Despite the daily reports of hackers, the percentage of people using online banking continues to rise. In a 2019 survey by the American Bankers Association, 73 percent of Americans access their bank accounts online via their mobile devices. Online banking has its benefits, the main one being the convenience to transact from virtually any location, as long as there is an internet connection. Customers also get potentially lower fees and better interest rates. But, there’s one downside: security. Your bank account contains vital information, such as your bank account and password. With such details, a hacker can wire all the money to their own accounts or treat themselves to a shopping spree.
Online Banking Security Concerns
The high percentage of customers falling prey to internet scams should be worrying. Hackers use various methods to commit fraud. Some of the most common ones include:
- Phishing emails, where hackers send fraudulent emails, claiming to come from authorized channels. Once you open the links or attachments in the email, a type of malware or spyware is installed on your computer. This allows hackers to remotely read and access sensitive data like passwords and PIN.
- Trojans. This is a type of virus that usually gets installed on your computer when you visit untrustworthy websites. Once the Trojan is installed, it reads/steals sensitive information like credit card numbers, passwords, and so on. With all the risks involved with online banking, what can you do to stay safe and protect your account from cybercriminals? Here are a few tips:
1. Avoid Using Public Wi-Fi
Due to the conveniences that online banking affords you, it is easy to be tempted to log in to your bank accounts from anywhere with access to Wi-Fi, such as the café around the corner, while enjoying a delicious cup of coffee. But beware. Just like you can't tell the motives of those around you in a public place, you can't know who’s snooping on what you're doing on your phone or laptop. Hackers can record your keystrokes (what they call keylogging) or even use video cameras to record everything you type. Before you know it, you start getting alerts that someone has withdrawn cash from your account.
2. Change Your Passwords Regularly
It can be quite a pain to keep track of all the passwords. But when it comes to sensitive information like banking details, considering that’s where you keep all your money, it's highly advisable to change passwords often. And use strong and unique passwords every time. Additionally, don’t use one password across multiple accounts or any of the common numbers and digits like your year of birth or social security number as your passwords. Keep updating your passwords regularly; you never know when hackers will come striking.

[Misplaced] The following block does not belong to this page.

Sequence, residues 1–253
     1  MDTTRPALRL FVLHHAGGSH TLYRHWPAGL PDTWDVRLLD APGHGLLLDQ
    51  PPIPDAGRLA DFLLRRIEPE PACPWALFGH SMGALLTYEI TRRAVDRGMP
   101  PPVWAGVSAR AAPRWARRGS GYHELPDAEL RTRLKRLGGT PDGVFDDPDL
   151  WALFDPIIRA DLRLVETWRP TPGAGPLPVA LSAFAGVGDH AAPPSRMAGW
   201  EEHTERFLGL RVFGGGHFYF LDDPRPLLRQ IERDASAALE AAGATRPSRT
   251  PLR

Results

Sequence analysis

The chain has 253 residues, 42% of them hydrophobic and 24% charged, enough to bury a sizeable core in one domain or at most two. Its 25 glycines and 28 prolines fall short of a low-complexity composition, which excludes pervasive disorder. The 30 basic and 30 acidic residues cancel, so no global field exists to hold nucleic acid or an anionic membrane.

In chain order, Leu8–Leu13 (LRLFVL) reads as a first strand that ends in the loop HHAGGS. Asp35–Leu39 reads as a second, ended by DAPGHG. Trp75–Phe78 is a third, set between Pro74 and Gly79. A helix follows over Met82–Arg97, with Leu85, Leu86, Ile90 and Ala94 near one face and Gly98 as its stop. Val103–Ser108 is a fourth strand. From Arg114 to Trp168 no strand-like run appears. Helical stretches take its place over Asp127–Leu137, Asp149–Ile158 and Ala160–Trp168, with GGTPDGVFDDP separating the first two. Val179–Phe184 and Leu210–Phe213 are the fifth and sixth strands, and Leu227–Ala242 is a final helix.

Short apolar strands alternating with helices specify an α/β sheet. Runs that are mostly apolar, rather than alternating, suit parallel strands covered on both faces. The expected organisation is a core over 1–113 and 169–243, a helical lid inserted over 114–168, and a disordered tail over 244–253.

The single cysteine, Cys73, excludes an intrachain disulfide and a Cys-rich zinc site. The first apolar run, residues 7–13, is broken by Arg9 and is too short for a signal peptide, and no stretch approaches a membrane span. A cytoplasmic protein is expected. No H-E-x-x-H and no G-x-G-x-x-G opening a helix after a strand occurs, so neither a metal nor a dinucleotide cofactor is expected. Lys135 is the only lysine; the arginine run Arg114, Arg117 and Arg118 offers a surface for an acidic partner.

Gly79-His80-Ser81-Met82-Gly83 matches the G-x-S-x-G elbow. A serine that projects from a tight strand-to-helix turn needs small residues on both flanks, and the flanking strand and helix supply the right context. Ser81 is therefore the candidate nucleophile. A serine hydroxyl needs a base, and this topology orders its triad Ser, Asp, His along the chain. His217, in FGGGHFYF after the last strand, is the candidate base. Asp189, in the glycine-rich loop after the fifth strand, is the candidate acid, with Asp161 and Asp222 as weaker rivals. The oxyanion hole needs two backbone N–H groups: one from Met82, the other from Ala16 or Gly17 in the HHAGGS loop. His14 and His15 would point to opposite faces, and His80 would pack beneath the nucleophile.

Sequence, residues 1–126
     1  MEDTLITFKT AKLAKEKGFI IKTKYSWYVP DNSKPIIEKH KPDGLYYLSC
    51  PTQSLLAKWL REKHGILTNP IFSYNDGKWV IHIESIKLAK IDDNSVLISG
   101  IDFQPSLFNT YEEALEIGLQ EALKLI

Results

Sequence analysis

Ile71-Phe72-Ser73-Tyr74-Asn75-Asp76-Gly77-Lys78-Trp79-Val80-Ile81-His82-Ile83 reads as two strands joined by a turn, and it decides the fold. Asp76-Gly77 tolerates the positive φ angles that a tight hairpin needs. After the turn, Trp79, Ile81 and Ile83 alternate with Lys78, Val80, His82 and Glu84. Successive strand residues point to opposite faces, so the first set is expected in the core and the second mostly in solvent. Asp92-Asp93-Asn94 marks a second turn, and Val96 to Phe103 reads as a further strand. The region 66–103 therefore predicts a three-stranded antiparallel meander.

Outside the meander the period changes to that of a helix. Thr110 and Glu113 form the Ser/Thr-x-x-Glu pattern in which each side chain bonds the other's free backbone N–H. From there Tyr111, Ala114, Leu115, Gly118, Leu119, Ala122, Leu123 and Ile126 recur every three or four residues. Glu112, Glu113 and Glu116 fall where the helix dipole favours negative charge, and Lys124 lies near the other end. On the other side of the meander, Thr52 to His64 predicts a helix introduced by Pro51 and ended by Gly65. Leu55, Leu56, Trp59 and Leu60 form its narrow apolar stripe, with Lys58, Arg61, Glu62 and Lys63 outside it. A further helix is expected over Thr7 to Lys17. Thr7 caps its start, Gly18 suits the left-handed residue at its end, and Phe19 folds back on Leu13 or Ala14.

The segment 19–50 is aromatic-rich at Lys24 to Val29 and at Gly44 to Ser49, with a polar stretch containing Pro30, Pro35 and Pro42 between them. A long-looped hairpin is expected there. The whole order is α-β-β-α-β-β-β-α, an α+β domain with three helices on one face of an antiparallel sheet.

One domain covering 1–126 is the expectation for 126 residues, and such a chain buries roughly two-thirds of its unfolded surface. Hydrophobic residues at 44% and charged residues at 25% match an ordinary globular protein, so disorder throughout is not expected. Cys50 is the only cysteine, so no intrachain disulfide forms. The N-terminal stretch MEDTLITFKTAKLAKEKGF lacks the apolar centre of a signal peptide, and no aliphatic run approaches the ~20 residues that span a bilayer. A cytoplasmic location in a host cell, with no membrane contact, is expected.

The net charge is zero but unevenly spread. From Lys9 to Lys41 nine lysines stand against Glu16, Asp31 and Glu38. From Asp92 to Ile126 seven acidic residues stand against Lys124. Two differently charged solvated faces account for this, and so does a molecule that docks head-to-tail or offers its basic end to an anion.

3. Enable Two-Factor Authentication
Most banks offer top-of-the-line security to provide an extra layer of protection for their customers. First, opt for an online bank with a proven security track record. Check if they offer two-step verification/authentication that requires you to secure your account using Two steps.
- Step one: you enter a password
- Step two: you provide any other additional information.
This could be an answer to a security question, entering a code sent to your phone, or using your fingerprint to verify that it's you.
4. Sign Up for Identify Protection
Be sure to enroll in your bank's email or text alerts that notify you whenever a transaction or suspicious activity is carried out in your account. Configure the settings to get alerts for failed logins, credit and debit card transactions, password change requests, and wire transfers. Some banks offer fraud monitoring or identity theft protection services for free. This way, you can always know what's going on with your account.
5. Don’t Open Emails Whose Sources You Don’t Know
Phishing scams are real, and you don’t want to become a victim. These emails look like they come from an official source like your bank or employer, tricking you to give out your bank details. The links usually take you to a malicious website or automatically triggers the installation of malware into your computer. With the malware installed, hackers can access anything they want from your computer. The same goes for fraudulent calls purporting to be from the bank asking for your bank information. As such, don’t open suspicious emails or answer phone calls from strangers. Instead, get in touch with your bank immediately and clarify the matter with them.
The Bottom Line
Online banking gives you control over your finances and makes transacting business easy and quick. But, in a hacker-happy world, you should be careful about anything you do online. Remember to update your passwords often, enable two-step verification, and never use public Wi-Fi to login to your bank accounts. These basic security tips will help you keep hackers at bay and protect your hard-earned cash.
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